Keep your excavators running their best with this pre-start checklist
As an excavator owner and/or operator, you know it’s not wise to just hop in the cab in the morning and start working right away. While time is money on most of your jobs, not taking a few minutes to do an inspection can hurt your uptime, cause unnecessary damage and wear to your machine, and compromise safety.
I typically train operators to do the following when performing an excavator walkaround:
- Start in the same place every day. For me, I always start at the front of the cab. That way when I end my walkaround, I end at the cab as well.
- Make your inspection routine. Look in non-obvious but critical areas.
- Look up, down, left and right. Be as thorough as you can.
- Report your findings verbally to your supervisor, and provide a written version using a prestart checklist sheet.
For the actual inspection, here’s a basic checklist your crew can use each time before they fire up and operate their excavators:
- Visually inspect all compartments to see if there’s any leakage or damage to components, then take the necessary action if anything is wrong. Proactive inspections typically result in increased uptime.
- Walk around the machine and make a visual check. Take a close look at the boom and arm for cracks, especially if you’re working in extremely harsh conditions or in very cold climate zones. Areas to inspect that will ultimately save you both time and money in unnecessary repair costs include:Boom and cylinder mounting (leaks and damages to the boom arm and bucket cylinder)
- Arm and cylinder mounting
- Bucket and cylinder mounting
- Main pump compartment
- Battery compartment
- Swing drive and main control valve
- Track drive
- Track chain and shoes (inspect the track pads for damage and loose bolts, and check the track chain for any frozen links)
- Lower frame damage
- Superstructure damage
- Side doors and cowl frames
- The electrical box and the engine air filter are located behind the cab. If the system is indicating “full water separator,” drain it in a safe container.
- The cab air filter is also located behind the cab. Make sure the filter is clean, especially if operating in a dusty environment.
- Check the radiator and coolers for any damage. If you’re working in a confined environment, check that the coolers are not clogged — clogged coolers and radiators could result in poor performance or overheating. Be sure you’re following the maintenance intervals carefully.
- Check the hydraulic lines for leaks — a damaged line can create heat in the system or severe oil leakage.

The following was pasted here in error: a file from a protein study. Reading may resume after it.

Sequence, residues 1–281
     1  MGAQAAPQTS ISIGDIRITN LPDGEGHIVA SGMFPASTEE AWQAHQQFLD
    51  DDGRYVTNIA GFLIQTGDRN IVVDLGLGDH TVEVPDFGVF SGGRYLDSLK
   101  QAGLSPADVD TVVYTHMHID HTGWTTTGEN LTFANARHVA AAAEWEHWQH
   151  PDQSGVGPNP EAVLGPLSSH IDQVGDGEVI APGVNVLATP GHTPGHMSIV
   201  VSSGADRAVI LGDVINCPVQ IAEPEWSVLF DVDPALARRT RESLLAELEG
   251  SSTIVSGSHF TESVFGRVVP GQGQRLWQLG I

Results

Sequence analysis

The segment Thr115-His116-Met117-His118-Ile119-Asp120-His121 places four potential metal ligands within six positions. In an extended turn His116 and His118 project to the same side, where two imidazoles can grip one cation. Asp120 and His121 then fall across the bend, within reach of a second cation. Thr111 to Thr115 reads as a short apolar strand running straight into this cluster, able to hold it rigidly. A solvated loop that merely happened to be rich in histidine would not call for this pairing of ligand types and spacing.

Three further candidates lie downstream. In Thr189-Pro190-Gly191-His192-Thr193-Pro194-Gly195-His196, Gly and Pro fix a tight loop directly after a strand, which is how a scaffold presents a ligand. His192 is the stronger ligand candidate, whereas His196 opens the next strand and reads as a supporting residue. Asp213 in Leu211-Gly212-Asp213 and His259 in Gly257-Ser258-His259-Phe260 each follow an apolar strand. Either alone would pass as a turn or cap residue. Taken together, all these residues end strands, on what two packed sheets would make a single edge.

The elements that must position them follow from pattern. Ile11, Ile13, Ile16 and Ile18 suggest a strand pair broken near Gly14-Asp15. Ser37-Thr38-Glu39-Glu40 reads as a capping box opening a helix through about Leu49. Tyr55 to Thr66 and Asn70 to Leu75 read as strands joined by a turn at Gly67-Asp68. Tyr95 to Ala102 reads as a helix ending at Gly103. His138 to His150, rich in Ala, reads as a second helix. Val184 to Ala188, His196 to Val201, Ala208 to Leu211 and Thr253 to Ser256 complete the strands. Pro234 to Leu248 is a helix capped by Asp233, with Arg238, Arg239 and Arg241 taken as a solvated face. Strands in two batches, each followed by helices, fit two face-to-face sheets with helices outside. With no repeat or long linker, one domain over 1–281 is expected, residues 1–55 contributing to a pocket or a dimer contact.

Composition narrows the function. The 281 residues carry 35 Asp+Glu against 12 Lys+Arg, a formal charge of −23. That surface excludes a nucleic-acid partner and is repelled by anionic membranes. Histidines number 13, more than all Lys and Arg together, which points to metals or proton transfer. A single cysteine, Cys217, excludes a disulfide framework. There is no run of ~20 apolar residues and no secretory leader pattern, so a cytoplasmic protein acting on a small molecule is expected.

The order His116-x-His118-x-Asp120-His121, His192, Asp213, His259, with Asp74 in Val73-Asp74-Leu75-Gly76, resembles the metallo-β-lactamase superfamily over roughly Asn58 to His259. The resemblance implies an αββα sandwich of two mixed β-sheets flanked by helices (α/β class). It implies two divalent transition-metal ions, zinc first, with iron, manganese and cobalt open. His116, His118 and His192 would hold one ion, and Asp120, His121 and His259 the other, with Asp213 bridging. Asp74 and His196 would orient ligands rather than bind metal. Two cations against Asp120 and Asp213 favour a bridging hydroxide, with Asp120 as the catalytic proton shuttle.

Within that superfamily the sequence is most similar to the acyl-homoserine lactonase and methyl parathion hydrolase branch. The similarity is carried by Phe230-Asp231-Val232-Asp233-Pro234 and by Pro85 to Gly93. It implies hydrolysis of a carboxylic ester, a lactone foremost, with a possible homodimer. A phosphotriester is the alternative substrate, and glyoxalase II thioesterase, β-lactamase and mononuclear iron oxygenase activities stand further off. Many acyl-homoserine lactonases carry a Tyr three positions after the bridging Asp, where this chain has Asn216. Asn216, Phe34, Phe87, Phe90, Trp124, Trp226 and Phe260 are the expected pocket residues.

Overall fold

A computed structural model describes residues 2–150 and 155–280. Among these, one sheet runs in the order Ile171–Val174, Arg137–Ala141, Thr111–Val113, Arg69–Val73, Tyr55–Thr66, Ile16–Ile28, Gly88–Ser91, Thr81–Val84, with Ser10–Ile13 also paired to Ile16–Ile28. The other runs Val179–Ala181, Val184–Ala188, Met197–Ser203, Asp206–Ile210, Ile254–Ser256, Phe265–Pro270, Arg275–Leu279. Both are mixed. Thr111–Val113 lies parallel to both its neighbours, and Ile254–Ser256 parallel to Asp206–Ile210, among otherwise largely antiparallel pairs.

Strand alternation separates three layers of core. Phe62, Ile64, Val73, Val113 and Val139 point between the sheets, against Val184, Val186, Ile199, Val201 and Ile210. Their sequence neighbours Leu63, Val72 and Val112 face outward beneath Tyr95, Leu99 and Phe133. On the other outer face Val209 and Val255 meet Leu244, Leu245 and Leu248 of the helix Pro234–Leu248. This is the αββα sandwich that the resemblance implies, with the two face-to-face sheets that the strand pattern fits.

- Check all hydraulic connections, pipes and hoses for any external damage.
- When an excavator is new and the engine has run only a few hours, it’s a good idea to take a look at the engine oil level. This check can be easily carried out from the cab by looking at the display. If you prefer to do it the traditional way, open up the two latches and the engine hood, which has a self-locking upper position. Check the oil and always use a clean paper towel to avoid any contamination on the dipstick. The oil level should be between the min and max levels.
- Remove dirt or small pieces of rock in the bucket linkage.
- Finally, turn on the main battery switch before entering the cab — no power can be distributed until the main battery switch is on.
There are also a few things you should do at the end of a shift to ensure the next day’s work starts off right:
- Be sure to fill up with fuel at the end of the day’s shift — this will reduce the risk of condensation developing in the tank overnight. While filling up the tank, fill up on AdBlue® as well.
- Always disconnect the main battery switch.
- Park the excavator with the digging equipment fully extended. In this position, the piston rods are protected.
- Clean the undercarriage to reduce strain on the components, especially during wintertime. If you fail to do this, the mud in the chain can freeze to the undercarriage and you may be unable to move the machine the next day. Not cleaning out the undercarriage will greatly reduce its life and likely add unnecessary expenses.
You should always consult your operator’s manual for more information on this topic. Many excavator owners pair their machines with haul trucks, so don’t forget to follow the proper prestart checks for your haulers, too.
(“Keep your excavators running their best with this pre-start checklist” was used from “https://volvoceblog.com/keep-your-excavators-running-their-best-with-this-prestart-checklist/” on 6/11/20.)